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CHAP. 12. (5.)—SCROFULA.

For the cure of scrofula1 plantago is employed, chelidonia2 mixed with honey and axle-grease, cinquefoil, and root of per- solata3—this last being applied topically, and covered with the leaf of the plant—artemisia,4 also, and an infusion of the root of mandragora5 in water. The large-leaved sideritis,6 cleft by the left hand with a nail, is worn attached as an amulet: but after the cure has been effected, due care must be taken to preserve the plant, in order that it may not be set again, to promote the wicked designs of the herbalists and so cause the disease to break out afresh; as sometimes happens in the cases already mentioned,7 and others which I find stated, in reference to persons cured by the agency of artemisia or plantago.

Damasonion,8 also known as alcea, is gathered at the summer solstice, and applied with rain-water, the leaves being beaten up, or the root pounded, with axle-grease, so as to admit, when applied, of being covered with a leaf of the plant. The same plan is adopted also for the cure of all pains in the neck, and tumours on all parts of the body.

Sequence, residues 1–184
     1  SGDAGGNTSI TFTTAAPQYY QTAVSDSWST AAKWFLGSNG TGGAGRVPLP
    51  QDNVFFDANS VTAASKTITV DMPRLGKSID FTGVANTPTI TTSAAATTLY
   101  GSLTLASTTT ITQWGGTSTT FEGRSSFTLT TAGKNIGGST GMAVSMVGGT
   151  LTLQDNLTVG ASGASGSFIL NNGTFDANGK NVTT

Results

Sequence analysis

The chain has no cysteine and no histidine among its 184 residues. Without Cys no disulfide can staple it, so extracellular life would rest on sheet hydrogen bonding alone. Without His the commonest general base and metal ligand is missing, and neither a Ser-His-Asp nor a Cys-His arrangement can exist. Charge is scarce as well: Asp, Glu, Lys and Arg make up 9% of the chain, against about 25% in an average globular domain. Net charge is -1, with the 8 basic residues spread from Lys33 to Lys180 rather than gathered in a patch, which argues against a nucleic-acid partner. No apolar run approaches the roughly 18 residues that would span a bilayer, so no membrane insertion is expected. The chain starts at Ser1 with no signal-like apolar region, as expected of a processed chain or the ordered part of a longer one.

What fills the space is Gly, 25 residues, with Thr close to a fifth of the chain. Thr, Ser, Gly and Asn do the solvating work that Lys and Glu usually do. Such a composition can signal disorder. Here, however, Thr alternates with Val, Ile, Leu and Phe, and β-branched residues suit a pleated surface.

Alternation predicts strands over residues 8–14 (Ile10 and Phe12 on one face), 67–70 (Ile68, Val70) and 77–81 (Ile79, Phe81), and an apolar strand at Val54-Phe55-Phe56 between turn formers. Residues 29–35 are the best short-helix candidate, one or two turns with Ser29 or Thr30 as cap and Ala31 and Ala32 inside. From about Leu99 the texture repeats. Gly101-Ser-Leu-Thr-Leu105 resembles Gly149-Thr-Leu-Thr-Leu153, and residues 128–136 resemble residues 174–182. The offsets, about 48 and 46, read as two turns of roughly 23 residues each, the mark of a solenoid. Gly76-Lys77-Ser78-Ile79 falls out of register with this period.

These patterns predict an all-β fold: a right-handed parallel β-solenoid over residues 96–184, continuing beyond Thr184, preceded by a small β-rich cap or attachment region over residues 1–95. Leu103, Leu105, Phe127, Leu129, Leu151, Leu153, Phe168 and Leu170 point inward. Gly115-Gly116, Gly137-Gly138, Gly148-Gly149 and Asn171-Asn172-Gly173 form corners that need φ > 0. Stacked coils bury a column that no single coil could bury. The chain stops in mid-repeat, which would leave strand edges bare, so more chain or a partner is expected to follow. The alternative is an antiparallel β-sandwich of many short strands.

1 Fée remarks that none of the plants here mentioned are of any utility for the cure of scrofula.

2 See B. xxv. c. 50.

3 See B. xxv. c. 66.

4 See B. xxv. c. 36.

5 See B. xxv. c. 94.

6 See B. xxv. c. 19, where our author has confused the Achillea with the Sideritis; also c. 15, where he describes the Heraclion siderion. Fée identifies the Sideritis mentioned in B. xxv. c. 19, as having a square stem and leaves like those of the quercus, with the Stachys heraclea of modern botany. That mentioned in the same Chapter, as having a fetid smell, he identifies with the Phellandrium mutellina of Linnæus. The large-leaved Sideritis is, no doubt, the one mentioned as having leaves like those of the quercus. See the Note to B. xxv. c. 19.

7 In B. xxi. c. 83, and B. xxv. c. 119.

8 See B. xxv. c. 77.

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